Boston. -- When they call, reporters ask the dean the same question: Are you serious about this? The fine print in the Antioch College Sexual Offense Policy could provide raw material for a dozen campus parodies.
New students who arrive on the venerable Ohio campus, it turns out, are not only told about rape, assault and harassment. That's standard freshman fare these days. At Antioch, they are handed a script for safe, community-approved consensual sexual relations.
Consent, it says, is not something to be assumed. Consent is not silence. It's not the absence of a "no." Maybe in the movies a lover can say "yes" with her eyes but on this campus, she must say it in words.
And she must say it more than once. The policy generated by students themselves says, "Verbal consent should be obtained with each new level of physical and/or sexual contact/conduct in any given interaction regardless of who initiates it."
By now, Marian Jensen, the dean of students, has heard all the dialogue that would-be-gagsters write for such an elaborate scene of verbal consent. "May I touch you?" "Here?" "There?" By now, she has explained that the school doesn't expect to put these precise words in the mouths of students. But they are very serious about making students think.
The Antioch policy -- of which this is one small part -- is not unique. It is just a more explicit, more detailed, more exaggerated version of messages coming from date-rape workshops and sexual-violence seminars on hundreds of campuses.
These days, students and administrators everywhere are struggling with sexual fears and sexual politics. The codes are written in proper gender-neutral terms, but they are trying to protect young women from assault and exploitation. They are trying to change the definition of sexual agreement. They are even trying to change the terms of intimate relationships. To level the sexual playing field.
It's no surprise that this is happening on campus. Colleges have long held a pivotal role in the Sexual Evolution. Some 25 years ago, students were the ones who began the move from a sexual double standard to a single standard.
But that standard was, in effect, the old male standard. A generation of young women changed more, or at least more quickly, than men. Women won the right to say yes. It became harder to say no. They won the freedom to do it his way. They didn't necessarily win the confidence to determine her own way or the power to get him to do it her way.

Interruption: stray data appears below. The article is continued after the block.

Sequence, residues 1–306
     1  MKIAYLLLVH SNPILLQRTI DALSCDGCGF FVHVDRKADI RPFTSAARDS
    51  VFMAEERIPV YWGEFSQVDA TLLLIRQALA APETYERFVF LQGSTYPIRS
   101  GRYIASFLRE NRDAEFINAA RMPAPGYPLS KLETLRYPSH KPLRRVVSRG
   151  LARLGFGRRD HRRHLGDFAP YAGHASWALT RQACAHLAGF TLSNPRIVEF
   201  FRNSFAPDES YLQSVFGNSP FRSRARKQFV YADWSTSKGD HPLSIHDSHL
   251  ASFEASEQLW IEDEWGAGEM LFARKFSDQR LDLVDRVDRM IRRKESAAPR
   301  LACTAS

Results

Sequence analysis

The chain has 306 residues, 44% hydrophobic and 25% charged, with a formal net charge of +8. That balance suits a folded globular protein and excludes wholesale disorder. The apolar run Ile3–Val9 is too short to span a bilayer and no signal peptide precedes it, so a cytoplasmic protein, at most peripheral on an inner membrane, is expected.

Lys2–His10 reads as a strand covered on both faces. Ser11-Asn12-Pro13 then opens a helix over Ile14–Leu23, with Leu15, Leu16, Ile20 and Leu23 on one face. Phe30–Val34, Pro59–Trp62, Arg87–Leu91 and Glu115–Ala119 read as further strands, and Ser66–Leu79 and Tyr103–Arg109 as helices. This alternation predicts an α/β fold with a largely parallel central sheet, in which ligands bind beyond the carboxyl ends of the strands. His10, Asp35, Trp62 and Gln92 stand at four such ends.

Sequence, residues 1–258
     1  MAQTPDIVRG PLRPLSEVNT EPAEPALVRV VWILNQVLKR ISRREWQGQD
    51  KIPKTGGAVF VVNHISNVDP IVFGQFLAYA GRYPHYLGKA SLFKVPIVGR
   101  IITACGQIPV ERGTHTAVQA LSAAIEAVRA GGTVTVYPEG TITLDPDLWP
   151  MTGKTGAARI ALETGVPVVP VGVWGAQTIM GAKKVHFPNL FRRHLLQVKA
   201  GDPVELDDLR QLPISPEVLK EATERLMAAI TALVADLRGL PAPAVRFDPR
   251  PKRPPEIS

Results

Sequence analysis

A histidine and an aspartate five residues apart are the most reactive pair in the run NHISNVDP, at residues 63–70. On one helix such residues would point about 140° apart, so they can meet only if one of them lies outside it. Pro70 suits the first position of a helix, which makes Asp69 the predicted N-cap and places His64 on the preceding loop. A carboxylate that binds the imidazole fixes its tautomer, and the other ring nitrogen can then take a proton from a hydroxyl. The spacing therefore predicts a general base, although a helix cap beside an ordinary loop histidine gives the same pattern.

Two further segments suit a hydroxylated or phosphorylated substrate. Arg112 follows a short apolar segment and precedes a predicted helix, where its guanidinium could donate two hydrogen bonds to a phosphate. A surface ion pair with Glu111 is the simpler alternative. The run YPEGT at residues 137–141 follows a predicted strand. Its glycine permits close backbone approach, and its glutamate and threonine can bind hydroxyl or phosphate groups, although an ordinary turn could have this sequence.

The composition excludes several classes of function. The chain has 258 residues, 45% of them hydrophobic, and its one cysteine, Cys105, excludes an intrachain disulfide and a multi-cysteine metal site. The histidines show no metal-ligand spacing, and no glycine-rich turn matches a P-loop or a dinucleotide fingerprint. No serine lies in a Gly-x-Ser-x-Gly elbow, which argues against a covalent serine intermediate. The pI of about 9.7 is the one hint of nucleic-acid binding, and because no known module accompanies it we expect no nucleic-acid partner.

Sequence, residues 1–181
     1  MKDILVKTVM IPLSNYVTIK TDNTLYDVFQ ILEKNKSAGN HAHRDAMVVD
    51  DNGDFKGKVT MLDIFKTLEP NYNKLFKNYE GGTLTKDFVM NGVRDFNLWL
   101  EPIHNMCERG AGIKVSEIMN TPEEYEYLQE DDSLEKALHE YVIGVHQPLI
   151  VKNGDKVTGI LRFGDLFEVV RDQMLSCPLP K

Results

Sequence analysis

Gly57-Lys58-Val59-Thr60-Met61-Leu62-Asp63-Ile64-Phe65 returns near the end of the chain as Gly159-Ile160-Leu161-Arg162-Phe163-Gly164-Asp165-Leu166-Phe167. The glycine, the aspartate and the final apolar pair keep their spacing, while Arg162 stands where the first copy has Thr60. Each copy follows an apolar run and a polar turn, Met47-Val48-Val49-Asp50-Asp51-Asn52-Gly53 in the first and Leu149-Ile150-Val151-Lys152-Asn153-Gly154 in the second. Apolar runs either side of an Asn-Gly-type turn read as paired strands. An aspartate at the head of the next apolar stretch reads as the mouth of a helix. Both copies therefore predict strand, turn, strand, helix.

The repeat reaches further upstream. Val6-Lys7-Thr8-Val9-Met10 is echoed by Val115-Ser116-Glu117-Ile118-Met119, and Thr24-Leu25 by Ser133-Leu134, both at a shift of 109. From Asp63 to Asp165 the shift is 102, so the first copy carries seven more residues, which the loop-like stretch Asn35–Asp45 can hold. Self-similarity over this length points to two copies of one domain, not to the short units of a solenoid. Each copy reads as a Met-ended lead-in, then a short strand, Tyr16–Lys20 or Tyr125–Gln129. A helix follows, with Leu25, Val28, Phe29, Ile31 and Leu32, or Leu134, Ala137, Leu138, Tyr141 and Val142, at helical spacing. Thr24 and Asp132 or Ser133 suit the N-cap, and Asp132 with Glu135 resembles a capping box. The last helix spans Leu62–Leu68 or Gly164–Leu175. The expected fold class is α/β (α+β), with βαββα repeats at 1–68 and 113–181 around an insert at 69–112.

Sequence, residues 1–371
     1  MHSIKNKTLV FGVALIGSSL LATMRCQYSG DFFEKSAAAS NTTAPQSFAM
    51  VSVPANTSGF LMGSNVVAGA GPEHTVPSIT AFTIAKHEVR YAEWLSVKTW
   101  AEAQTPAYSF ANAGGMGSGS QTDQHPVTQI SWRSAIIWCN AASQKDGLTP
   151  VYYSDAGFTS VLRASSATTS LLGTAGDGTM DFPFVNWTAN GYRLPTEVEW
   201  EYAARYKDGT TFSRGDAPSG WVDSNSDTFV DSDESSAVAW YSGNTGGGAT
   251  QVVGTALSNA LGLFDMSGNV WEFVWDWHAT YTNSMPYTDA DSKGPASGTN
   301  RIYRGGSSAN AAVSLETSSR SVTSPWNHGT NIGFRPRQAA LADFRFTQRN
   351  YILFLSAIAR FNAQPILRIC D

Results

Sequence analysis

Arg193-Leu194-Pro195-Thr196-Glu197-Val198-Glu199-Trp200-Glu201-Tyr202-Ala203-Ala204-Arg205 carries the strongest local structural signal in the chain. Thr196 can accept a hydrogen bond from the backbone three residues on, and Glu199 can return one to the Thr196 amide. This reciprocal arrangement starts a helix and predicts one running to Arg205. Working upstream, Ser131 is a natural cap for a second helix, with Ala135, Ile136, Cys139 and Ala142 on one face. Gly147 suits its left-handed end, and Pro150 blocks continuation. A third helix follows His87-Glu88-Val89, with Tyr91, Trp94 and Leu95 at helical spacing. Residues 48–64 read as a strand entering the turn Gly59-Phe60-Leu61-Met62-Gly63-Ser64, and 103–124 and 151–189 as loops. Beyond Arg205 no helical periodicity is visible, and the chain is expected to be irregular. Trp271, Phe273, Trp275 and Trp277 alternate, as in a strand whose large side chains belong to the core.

In some places, the Liberated Woman has met up with the Spur Posse. At some times, her sexual freedom has been his sure thing. Saturday night's expectation of pleasure became Sunday morning's regret mixed with a sour taste of exploitation.
Over this time, layers of sexual consciousness have built up without replacing each other: sexual repression, sexual license, sexual anxiety. The fear of pregnancy lifted, and the fear of AIDS clamped down on the joy of sex. Permeating all those layers and darkening that freedom has been the lingering fear of violence.
As recently as last week, 53 percent of the college women in a Massachusetts survey expressed concern that they could be victims of date rape. Only 26 percent thought that men at their school accepted a woman's right to say no at any point.
In "The Morning After," Katie Roiphe, a 1990 graduate of Harvard, writes, "There is a gray area in which someone's rape may be another person's bad night." In a book that ripples with uncertainty beneath the crisp veneer of her argument, she says that the current campus obsession with sexual assault and sexual codes of conduct are part of a sexual counterrevolution.
"The assumption embedded in the movement against date rape is our grandmother's assumption," she writes, "Men want sex, women don't." There is a return to stereotypes of "boys as a sexual threat, girls as vulnerable . . . men as hunters, women as hunted."
There may always be tension between protecting and empowering young people. Students at 18 or 22 demand safety one minute and emancipation the next. Campuses are home to the savvy and assertive, but also to the unworldly and vulnerable.
But I don't think that the new sexual codes of conduct signal some retreat to Puritanism or a return to the days when women swooned at male "bestiality." I think that they are, rather, part of an ongoing struggle to create a new single standard. A standard of sexual equality. A meeting ground, where no means no and only yes means yes, where we come to intimacy as equals and find sexual freedom in an atmosphere of safety.
So spare me the dialogue. Sexual policy-makers write like lawyers in love. At Antioch the authors could use some poetry, and passion. But they have the plot line just about right.
Ellen Goodman is a syndicated columnist.